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Bows for a Princess

If you have a baby girl, then I am sure you want to make her the fairest of them all. But with her barely-there hair, there isn't much you can do to prettify her hairstyle. Plus, you are getting tired of neighbors praising your poor pretty baby for how handsome he is! Your efforts of searching for the right baby hair bows have been in vain. But maybe that’s because you just haven’t been searching at the right  places. Read More.


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 Baby Hairbows

 Your baby is very fragile and sensitive. So is her hair. That's why you have to be careful with which baby hairbows you choose for her. They may make your baby look like a lovely little princess, but if you are not careful, some baby hair bows might pose some hazards too.

Baby hairbows can be choking hazards for children below three years old. Since most babies have fine, wispy hair, the hair accessories you put on your baby might slip easily and fall out. Before you know it, the hair clip might wind up in your curious baby's mouth or poke her in the eye! Other hair accessories, like headbands, can give your baby a headache, irritate her skin, or worse, become strangulation hazards if it slips down her neck.

But don't let this stop you from making your baby a beautiful little bud! Just make sure to look for baby hair bows that were designed to avoid such hazards. Choose ones that are non-slip. These are the kinds that devotedly stay on fine, wispy hair without tugging at it and hurting your little one. Some even have plush Swiss velvet on their baby hair bows for that guaranteed hold--not to mention a little extra glam!

Choosing the right baby hairbows is all a matter of smart choices in keeping your baby safe, while still making her the cutest little princess in town. But it doesn't end there. Some critics are warning parents about what they have called "princess parenting." Now, while most of us would think nothing of this harmless fantasy play (and maybe even think it's adorable), some would argue that this so-called "princess parenting" is detrimental to the child. Some believe that parents who allow their daughters to enjoy this pretend world might be raising narcissistic little divas. And these girls might grow up expecting the world to revolve around them and bow to their every whim! 

But even with these negative perceptions, the "princess industry" has been booming continuously in the past few years. With retailers cashing in on the hype, offering a whole range of baby gift items like baby hair bows with princess references on them. What parent of a little girl does not have at least one royal outfit with matching sparkly shoes and princess baby hair bows?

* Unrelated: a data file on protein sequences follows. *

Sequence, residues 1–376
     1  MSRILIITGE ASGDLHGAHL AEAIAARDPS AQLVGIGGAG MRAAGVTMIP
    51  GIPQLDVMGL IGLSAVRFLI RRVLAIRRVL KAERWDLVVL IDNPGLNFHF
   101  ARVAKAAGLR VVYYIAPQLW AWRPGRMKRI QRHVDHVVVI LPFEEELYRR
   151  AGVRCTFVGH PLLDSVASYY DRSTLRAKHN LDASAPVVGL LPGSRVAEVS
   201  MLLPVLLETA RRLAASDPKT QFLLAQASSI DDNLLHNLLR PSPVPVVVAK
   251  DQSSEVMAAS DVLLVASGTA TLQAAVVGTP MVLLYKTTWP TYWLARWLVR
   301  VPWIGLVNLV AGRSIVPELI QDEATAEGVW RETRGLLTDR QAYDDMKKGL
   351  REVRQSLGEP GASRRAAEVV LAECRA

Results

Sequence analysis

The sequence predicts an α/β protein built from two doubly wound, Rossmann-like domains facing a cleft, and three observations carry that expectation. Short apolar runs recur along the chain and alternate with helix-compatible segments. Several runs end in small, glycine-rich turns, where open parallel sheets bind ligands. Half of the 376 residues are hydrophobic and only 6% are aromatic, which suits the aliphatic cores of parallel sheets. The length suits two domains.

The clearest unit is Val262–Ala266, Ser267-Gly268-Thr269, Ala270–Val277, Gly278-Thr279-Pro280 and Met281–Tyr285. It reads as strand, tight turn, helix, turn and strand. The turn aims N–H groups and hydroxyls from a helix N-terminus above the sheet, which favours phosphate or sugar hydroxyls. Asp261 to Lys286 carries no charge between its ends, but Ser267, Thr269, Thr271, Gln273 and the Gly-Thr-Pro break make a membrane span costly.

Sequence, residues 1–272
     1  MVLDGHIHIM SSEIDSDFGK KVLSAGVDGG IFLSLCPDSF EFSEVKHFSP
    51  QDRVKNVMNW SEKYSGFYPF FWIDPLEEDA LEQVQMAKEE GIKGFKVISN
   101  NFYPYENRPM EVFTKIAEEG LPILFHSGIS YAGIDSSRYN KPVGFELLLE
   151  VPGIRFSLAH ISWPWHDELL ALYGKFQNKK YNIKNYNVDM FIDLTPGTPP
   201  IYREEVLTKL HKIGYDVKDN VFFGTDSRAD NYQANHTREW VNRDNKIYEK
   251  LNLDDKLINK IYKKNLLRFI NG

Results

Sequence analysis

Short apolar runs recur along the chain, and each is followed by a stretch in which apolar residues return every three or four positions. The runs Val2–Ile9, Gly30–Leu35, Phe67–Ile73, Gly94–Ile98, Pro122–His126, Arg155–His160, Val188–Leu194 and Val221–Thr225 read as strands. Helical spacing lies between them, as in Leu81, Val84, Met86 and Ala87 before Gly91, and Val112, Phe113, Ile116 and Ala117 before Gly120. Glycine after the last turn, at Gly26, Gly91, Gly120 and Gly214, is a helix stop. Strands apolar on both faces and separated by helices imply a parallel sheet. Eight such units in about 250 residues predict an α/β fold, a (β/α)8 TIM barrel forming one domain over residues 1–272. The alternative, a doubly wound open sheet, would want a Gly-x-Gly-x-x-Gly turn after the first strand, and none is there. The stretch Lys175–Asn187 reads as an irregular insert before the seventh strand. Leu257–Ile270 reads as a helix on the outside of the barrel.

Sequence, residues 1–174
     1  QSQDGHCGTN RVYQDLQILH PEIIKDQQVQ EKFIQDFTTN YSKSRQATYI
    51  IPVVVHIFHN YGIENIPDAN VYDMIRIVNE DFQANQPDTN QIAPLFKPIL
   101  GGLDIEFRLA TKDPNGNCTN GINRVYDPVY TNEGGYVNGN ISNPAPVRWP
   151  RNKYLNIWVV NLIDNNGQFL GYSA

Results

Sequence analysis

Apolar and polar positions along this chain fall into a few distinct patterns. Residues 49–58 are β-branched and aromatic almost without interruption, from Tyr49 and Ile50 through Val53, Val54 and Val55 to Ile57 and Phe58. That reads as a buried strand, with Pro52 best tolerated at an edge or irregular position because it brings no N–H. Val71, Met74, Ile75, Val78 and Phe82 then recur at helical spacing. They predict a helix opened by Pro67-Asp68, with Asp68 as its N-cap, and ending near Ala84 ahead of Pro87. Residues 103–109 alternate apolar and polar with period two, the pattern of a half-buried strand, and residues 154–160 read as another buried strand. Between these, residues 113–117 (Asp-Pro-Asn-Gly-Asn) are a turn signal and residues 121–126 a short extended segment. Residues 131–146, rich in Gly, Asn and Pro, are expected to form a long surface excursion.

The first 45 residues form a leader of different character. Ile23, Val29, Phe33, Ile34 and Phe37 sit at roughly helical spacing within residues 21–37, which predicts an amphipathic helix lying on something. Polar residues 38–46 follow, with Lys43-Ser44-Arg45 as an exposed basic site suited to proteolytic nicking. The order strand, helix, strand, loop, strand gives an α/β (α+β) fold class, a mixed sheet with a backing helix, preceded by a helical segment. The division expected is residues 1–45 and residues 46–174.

Perhaps this is because some mothers themselves were lavished with princess baby gifts when they were young. And yet grew up as the sensible, responsible, successful women they are today. Or perhaps it's the exact opposite: some mothers were not as privileged as the rest and never experienced such fantasy plays when they were young. And therefore they don’t want their own daughters to miss out this time.

So whatever fears are raised, more mothers still argue that all this royal role-playing is about giving their girls and daughters confidence in themselves, realizing their value as unique individuals and celebrating femininity. Or, at the very least, this is what they hope to achieve. So what if I put a princess baby bow on my baby? It just means that I see her as the fairest of them all. I want her to know how special she is inside and out. Hopefully, when she grows up, she won't allow anyone to tear her down and delude her into thinking otherwise.

Of course, it all boils down to guidance and moderation. There are merits in being cautious, lest you spoil your child rotten. Blaming narcissistic tendencies on glittery baby hair bows would be stretching it. After all, in the end, it's still the child's parents who reinforce those feelings. Being in a unique position of influence, parents should be careful how they shape their child's values. Don't belittle them, but don't inflate their egos either.

Personally, I don't think indulging in a few baby bows is such a terrible thing. It's allowing such items to seed a fantasy lifestyle in the child that we should be wary of. All the frilly dresses and fancy hair accessories don't magically transform the child into a self-absorbed, self-obsessed diva. Parents do. But this is only if we are not careful and allow the fantasy to feed and dictate our child's sense of self.

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